Jerry Lewis recently was honored with the Hersholt Humanitarian Award at the 2008 Academy Awards. According to Academy President Sid Ganis, “Jerry is a legendary comedian who has not only brought laughter to millions around the world, but has also helped thousands upon thousands by raising funds and awareness for those suffering from muscular dystrophy.” Lewis began working with the Muscular Dystrophy Association (MDA) in the 1950s and has been the National Chairman since 1952. Overall he has helped raise over $2 billion for the cause.
Lewis’ leadership in MDA has helped scientists develop and improve treatments for neuromuscular disorders, and work toward finding new cures and treatments for this mysterious disease. This all began in 1956 when Lewis and Dean Martin hosted a television program that raised $600,000 for MDA. Lewis and Martin decided to do two more shows in 1957 and 1959 and began calling them “telethons.” Overall they raised $1,240,000 for children affiliated with MDA. During these telethons, Lewis used catchy phrases that have since been copyrighted by MDA, including: “Jerry’s Kids,” “Love Network,” “For the Right Reasons,” and “86 Days to Air.”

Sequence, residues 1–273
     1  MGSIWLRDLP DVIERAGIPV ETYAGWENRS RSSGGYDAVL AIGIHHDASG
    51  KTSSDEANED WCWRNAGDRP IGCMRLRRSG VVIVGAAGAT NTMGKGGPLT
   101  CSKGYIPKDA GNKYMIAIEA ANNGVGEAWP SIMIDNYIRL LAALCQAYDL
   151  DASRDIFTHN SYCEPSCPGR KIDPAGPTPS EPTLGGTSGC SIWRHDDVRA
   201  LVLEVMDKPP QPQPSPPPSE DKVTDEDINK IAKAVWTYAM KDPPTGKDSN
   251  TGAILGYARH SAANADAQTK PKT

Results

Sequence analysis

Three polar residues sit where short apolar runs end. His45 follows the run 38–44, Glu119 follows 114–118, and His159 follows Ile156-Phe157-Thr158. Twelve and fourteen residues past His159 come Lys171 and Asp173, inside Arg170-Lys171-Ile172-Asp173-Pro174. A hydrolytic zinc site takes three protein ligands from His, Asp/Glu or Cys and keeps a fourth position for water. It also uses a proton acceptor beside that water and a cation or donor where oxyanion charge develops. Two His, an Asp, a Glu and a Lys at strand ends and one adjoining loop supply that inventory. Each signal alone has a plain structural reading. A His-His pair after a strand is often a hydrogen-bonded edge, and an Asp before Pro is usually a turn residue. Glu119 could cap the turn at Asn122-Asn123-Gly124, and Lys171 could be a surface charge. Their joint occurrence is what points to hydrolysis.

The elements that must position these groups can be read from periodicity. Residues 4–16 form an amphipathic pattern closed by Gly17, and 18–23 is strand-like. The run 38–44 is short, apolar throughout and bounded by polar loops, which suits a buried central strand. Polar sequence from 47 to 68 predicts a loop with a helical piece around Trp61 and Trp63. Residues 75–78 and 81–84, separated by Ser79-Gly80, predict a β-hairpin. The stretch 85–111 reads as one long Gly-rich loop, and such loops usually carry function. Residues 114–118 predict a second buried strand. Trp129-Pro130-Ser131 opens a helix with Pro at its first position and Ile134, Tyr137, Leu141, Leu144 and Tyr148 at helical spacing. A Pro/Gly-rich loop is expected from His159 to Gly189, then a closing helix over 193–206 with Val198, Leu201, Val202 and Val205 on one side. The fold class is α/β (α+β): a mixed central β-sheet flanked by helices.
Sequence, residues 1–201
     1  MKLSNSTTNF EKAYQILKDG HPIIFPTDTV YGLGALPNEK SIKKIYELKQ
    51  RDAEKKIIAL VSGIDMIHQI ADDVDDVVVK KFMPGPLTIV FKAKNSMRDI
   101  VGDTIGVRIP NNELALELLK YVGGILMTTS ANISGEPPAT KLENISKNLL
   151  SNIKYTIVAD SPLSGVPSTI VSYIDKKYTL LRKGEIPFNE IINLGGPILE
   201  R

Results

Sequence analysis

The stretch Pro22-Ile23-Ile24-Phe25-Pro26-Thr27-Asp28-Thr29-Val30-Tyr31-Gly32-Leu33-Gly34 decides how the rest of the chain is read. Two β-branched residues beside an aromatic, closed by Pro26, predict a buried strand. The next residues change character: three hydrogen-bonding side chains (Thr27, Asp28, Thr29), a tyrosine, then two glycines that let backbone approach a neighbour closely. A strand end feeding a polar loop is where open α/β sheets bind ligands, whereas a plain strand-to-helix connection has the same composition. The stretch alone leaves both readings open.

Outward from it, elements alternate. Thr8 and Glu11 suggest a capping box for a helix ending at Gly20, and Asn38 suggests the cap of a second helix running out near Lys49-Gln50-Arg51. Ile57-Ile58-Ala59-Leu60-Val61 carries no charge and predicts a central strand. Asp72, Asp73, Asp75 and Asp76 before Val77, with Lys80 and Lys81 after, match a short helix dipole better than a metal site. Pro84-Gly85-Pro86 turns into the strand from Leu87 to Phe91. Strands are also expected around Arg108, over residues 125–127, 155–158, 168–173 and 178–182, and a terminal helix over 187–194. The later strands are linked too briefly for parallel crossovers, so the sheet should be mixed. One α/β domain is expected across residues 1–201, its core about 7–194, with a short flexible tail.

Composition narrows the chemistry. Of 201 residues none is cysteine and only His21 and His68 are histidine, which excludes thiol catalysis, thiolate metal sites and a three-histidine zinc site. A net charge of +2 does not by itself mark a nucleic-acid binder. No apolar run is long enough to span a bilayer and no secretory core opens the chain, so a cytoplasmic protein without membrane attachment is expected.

Lewis has contributed more to MDA than just the telethons. He has made over 100 public appearances for MDA and most believe there is not a day that Lewis does not do something for the organization. Not only has he been honored by the Academy but he has also received awards from the government of France. He has also received several prestigious awards in the United States including the Medal for Distinguished Public Service.
Lewis has devoted a majority of his lifetime to MDA, and he will be recognized forever as one of the major leaders who has fought against neuromuscular diseases. According to the MDA Web site, “as long as neuromuscular diseases continue to attack “Jerry’s Kids,” Jerry will be there to fight back.”
Nanda Sturm, Executive Director